MasterChef runner-up Leandri van der Wat is about to launch her own coffee roaster called Roast Republic in Midrand. GH catches up with the chemistry master’s student.

MasterChef runner-up Leandri van der Wat is about to launch her own coffee roaster called Roast Republic in Midrand. GH catches up with the chemistry master’s student.

Tell us about life after MasterChef. What have you been doing?

It has been rather crazy at times! I’ve done the odd demonstrations, a few catering jobs at corporate events and at people’s houses, and quite a bit of food writing. Some days I am run off my feet, and others I can just get on with ‘normal’ life. Things seem to be reaching equilibrium now; I have a few big engagements and then I can get on with the roastery and my master’s degree. I have really been juggling life and I’m happy for it to settle down a bit. Now I can focus on what I really want to do.

You are staring a new business, called Roast Republic. Tell us about it.

Roast Republic is a coffee roaster that works purely by online sales, and the odd market. I love coffee! I have had a very serious passion for it since I was very young. I think that coffee culture just suits me, it’s relaxed, friendly and it’s a growing industry.

Charity is one of your passions. How are you combining your love for helping others with your new venture?

I travelled to some African countries in 2012 and volunteered on different projects. I was struck by the fact that a lot of it is one sided and hand-out based. What we are doing, in essence, is crippling people by creating a beggar mentality. I really struggled with that when I came back, just asking, ‘how can I help with sustainable change?’.

The answer came when Jaco de Witt, now one of my business partners, came to Matt Carter and me with the idea to use the coffee sales for sustainable change. I like that idea.

We’ve decided to work with World Vision SA because they are internationally recognised and their work is transparent. We visited two amazing schools with the board of directors last year and now we’re planning on using the funds generated from our coffee sales to take one of them – an ordinary rural school called Enable – to new heights. We want to get a vegetable garden project started, as well as ensure good hygiene (with hand-washing stations). We really don’t want to just give hand-outs, rather we want to enable children to pursue their own dreams – money doesn’t do that; education does.

So essentially Roast Republic is a coffee roastery that roasts and sells coffee. We like to call it ‘coffee with a conscience’ because we’re offering customers the chance to drink great coffee and do something for others at the same time. We give 50% of our profits to World Vision SA.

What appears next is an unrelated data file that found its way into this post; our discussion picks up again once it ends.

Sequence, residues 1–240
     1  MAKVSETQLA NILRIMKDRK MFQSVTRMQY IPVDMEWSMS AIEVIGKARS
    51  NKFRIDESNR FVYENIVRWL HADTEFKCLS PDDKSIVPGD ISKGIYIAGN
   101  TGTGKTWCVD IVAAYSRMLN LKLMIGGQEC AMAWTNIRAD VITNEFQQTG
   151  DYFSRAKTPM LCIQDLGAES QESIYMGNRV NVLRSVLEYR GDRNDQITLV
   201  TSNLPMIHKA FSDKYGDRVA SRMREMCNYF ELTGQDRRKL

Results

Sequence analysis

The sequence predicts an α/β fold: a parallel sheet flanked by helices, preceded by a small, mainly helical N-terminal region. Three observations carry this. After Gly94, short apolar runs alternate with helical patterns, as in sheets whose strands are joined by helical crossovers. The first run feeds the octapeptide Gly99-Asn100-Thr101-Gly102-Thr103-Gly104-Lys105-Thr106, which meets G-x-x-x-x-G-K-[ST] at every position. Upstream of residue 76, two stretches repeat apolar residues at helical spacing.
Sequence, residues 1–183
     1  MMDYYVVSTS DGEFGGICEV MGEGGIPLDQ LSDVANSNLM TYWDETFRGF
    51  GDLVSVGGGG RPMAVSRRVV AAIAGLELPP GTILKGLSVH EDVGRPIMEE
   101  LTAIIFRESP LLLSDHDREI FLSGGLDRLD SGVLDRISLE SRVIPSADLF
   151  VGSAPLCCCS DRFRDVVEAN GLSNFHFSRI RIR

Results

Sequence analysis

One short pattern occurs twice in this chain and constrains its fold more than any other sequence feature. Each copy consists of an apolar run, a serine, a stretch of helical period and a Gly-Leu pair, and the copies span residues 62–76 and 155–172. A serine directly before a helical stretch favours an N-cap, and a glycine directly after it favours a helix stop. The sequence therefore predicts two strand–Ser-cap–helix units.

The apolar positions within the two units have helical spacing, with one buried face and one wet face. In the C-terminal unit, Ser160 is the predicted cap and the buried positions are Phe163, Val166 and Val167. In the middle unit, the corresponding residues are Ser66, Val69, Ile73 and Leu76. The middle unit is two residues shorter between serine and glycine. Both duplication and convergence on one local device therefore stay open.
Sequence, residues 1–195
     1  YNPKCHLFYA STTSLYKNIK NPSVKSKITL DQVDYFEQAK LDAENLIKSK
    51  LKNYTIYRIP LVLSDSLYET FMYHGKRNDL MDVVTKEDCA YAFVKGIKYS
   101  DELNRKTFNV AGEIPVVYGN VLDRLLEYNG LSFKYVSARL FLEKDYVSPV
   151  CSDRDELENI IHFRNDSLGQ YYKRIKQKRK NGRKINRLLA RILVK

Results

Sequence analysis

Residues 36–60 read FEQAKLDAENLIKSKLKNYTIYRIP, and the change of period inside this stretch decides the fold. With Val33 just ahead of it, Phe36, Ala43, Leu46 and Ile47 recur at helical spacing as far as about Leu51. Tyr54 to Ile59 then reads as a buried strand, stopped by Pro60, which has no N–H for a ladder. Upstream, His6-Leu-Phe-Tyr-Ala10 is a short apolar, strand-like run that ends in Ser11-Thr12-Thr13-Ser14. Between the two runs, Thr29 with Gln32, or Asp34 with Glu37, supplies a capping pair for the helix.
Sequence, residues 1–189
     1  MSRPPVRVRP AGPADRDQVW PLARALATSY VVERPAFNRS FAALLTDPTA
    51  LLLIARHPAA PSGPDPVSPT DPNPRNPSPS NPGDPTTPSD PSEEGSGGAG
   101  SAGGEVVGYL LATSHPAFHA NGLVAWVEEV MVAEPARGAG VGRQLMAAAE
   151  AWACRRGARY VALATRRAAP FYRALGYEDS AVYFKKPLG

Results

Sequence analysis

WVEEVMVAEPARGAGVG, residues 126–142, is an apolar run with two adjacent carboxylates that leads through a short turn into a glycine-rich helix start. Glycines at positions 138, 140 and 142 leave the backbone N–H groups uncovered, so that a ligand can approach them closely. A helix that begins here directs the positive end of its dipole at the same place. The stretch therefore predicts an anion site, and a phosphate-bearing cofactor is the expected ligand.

From 31 January, customers can order coffee via our website, choosing where to collect it from a few schools, churches and small businesses that have offered to be distribution points within communities. We would like people to sign up by debit order for their monthly coffee for 12 months, so that they can fall in with the academic year.

What MasterChef life lessons can you share with GH readers, and which are you specifically keeping in mind for your business?

Phew. This is my first business venture and it’s really scary! I had heard about people feeling so accomplished when they started their own business and I thought they were exaggerating, but it is a lot of hard work – you really put yourself out there. I reached a stage a few weeks ago when I realised that my dream is really scaring me! They say if your dream doesn’t scare you, it’s not big enough. That is something I had to face at MasterChef – there is this deep fear within us of failure and you have to face it to ever truly succeed.

So what I have decided is:

1) To abandon fear, otherwise it masters you and holds you back from thriving.

2) To make peace with the fact that not everybody will like what Roast Republic is, and what it stands for. Some won’t even like our coffee! That’s life. I am prepared to stand by what I believe in. (On MasterChef that was often the case too.)

3) I won’t conduct myself as if my entire life depends on whether my business becomes an overnight success or a failure. I am super-passionate about the project, but I won’t let it rule my life and dictate my behaviour. There are bigger things at play. (I never took MasterChef too seriously in that regard either.)

Finally, what’s next?

So, so much is happening! We’ve spoken to some cookery-book publishers, which is so exciting! Together, Seline (my sister and fellow MasterChef contestant) and I are ambassadors for the Coffee and Chocolate Expo this year. We have a column in the Beeld newspaper called ‘Vinkel en Koljander’ (fennel and coriander). A plan for us to do quite a bit of cooking at the Good Food and Wine Shows this year is in the pipelines. We’ll also be cooking and doing demonstrations at the KKNK, and filming a small series on local cuisine, focusing on traceability in meat production. Kenwood has been kind enough to partner with us, as have Style36 and 5 Rooms, who make sure we stay on trend. Overall, life is pretty great!

To place your online coffee order, visit And here’s a great rusk recipe to go with it!

This post first appeared on Good Housekeeping South Africa in January 2014.